Always write the full bibliographic details on the top of any photocopies or print-outs. Keep a running bibliography in alphabetical order as a computer file or card index. Note in your research diary when you read a particular source. Use software that is available to you to manage your references, e. Do lots of reading A final year project, like many other forms of assessments, needs to be located within the existing literature in that area.

Typically you will read: Classic studies in your chosen area. Recent studies published as books or journal articles. Research methods and methodology texts. Social theory relevant to your approach. For example, there are, to varying degrees, references to: Be organised and keep notes The process of thinking about the dissertation topic and methods is an evolving one.

You might want to keep a record of: Questions or ideas that interest you. Possible ways of researching these. References to follow up at a later stage. Sources of information that you have found useful. Notes on articles and papers you have read or programmes you have seen or heard.

When should I begin to do this? Recap The first task is to establish your overall area of interest. Clarifying your Ideas What is the overall area of your interest? Write a paragraph that would give someone else a clear picture of the issues. How has your interest developed over time?

Can you identify incidents or experiences that have generated your interest? These may be personal or professional, or to do with current work priorities. Are there any key writers who have shaped your interest or whose views conflict with yours? Where would you like the work to lead in the longer term? Is this research connected with work you currently do or would like to do at some stage? Does anyone else have an interest in the topic you choose for your study? This may not be a problem but it is important to recognise if there are others with interests in the work.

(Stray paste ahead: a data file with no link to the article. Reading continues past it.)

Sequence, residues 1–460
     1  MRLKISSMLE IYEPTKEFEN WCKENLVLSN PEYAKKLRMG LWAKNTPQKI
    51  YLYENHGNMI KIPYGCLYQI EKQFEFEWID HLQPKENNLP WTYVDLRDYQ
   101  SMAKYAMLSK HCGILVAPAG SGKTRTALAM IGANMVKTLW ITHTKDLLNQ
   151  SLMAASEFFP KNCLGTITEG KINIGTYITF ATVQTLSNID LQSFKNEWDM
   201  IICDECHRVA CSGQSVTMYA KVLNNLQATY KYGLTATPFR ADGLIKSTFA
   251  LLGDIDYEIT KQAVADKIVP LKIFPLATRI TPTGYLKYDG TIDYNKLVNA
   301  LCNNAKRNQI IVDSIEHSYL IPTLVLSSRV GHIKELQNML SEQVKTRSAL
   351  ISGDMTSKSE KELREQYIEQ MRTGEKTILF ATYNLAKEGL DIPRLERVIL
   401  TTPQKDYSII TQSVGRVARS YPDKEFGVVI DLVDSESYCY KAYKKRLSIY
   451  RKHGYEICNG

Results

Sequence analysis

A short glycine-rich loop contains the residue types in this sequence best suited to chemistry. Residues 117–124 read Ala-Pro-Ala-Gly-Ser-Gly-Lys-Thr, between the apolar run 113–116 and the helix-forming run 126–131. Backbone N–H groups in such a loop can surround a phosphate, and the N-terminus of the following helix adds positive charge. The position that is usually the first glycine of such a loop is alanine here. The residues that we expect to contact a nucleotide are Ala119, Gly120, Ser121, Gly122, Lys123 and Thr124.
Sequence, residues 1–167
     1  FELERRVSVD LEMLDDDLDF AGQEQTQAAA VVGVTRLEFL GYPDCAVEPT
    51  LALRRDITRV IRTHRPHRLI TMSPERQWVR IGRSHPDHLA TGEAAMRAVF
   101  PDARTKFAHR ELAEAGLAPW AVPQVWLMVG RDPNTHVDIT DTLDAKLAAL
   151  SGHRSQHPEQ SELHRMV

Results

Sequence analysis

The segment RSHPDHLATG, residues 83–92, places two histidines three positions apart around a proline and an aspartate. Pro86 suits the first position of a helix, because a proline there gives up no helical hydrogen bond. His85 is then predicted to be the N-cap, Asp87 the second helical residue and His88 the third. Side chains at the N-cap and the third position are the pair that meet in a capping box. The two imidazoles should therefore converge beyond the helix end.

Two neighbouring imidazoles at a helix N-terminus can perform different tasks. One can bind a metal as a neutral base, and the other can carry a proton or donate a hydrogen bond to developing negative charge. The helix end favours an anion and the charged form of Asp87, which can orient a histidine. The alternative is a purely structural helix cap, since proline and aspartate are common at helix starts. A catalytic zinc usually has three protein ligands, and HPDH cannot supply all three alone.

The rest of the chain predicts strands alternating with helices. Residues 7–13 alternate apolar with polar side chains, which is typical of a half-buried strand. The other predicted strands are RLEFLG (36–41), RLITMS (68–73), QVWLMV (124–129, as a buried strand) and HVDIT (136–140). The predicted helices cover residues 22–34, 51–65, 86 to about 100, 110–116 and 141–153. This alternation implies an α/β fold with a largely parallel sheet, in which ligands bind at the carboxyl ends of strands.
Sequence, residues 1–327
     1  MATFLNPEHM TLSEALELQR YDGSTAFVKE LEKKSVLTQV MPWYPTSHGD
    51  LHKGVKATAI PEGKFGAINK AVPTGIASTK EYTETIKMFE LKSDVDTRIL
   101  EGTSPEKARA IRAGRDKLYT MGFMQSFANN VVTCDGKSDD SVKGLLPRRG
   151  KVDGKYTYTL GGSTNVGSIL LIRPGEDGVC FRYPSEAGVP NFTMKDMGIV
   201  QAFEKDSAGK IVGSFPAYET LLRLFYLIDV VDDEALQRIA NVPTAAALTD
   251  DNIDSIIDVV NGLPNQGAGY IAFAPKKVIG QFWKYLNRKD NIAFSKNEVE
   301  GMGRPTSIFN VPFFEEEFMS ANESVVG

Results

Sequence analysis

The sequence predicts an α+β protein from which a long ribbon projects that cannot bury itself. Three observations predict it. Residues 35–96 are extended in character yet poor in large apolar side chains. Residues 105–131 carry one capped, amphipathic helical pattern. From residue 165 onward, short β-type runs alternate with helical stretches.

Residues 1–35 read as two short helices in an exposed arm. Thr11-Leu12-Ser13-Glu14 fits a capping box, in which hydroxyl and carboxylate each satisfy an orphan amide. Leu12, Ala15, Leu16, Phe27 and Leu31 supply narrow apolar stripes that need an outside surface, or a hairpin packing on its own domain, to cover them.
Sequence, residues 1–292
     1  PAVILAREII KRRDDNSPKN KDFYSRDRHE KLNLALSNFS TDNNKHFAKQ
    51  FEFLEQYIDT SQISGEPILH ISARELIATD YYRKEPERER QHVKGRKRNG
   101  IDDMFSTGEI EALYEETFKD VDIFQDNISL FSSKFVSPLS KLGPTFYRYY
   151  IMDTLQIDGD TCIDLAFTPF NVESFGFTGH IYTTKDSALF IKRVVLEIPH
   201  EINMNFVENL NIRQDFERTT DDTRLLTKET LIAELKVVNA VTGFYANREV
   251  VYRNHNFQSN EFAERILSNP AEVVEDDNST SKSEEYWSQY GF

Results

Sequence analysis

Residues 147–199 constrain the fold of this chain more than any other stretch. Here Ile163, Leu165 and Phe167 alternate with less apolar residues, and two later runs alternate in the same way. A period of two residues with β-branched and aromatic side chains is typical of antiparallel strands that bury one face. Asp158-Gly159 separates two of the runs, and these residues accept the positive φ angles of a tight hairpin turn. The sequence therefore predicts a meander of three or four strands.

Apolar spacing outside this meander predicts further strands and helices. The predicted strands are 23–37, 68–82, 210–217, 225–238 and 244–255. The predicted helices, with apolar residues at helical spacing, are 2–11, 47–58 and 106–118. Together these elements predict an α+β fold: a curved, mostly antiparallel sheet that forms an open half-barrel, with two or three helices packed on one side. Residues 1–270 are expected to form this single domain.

Narrowing down the Focus! What are the questions to which you want to find answers in your research? You might have a hypothesis — i. You may, on the other hand, want to couch your interest in terms of an exploration of issues, attitudes or experiences, or as a question.

Write a list of all the questions you want to answer and group them into priorities or hierarchies and show the connections between them. At this stage you may want to do some weeding out of overlapping or less relevant questions. It is helpful to list your questions and then to answer why you want to know the answer and how it will help you to pursue your overall enquiry. Where is any work currently being done in this area? Can you identify any specialist collections of literature?

Are there particular people associated with them? What do you know about what is currently known, written about or researched in the area? How are you going to track down the research and theory to support your study? Talk to tutors on the course to see if anyone can help. Case Study 3 Researching the voluntary sector Time management and work planning Dissertations usually have a long lead in time so it is essential that you think about the various stages of work that need to be undertaken and get into good habits early on in the process, for example with keeping records of searches undertaken, ideas that crop up and material to be sought after and incorporated.